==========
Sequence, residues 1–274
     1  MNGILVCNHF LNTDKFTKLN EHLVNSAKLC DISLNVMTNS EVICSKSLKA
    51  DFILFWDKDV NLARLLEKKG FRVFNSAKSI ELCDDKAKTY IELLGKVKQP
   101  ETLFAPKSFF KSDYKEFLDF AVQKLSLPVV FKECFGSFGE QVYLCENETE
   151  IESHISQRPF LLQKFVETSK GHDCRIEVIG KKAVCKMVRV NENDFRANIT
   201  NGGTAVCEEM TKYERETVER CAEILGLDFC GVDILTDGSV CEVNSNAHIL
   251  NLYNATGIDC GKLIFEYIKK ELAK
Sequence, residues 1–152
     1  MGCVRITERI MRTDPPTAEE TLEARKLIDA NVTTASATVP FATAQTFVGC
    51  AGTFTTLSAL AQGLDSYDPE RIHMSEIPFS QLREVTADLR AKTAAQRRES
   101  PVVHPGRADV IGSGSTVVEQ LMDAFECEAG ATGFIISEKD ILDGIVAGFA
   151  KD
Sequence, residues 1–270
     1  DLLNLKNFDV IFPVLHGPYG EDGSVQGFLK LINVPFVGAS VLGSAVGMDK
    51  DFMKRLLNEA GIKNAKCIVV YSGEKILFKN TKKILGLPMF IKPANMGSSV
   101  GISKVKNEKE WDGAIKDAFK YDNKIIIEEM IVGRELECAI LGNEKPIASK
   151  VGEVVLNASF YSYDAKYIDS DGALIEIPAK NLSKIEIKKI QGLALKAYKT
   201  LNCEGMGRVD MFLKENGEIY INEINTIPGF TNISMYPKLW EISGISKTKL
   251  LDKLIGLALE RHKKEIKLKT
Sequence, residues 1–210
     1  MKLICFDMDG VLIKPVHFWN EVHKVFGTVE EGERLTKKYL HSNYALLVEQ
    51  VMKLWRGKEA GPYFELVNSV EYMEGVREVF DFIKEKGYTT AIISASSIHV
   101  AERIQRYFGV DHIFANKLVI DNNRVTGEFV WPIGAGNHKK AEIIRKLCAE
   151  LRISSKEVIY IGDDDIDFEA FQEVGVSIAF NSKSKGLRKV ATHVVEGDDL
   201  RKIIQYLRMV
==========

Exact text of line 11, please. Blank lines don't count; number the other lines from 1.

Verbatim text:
   101  PVVHPGRADV IGSGSTVVEQ LMDAFECEAG ATGFIISEKD ILDGIVAGFA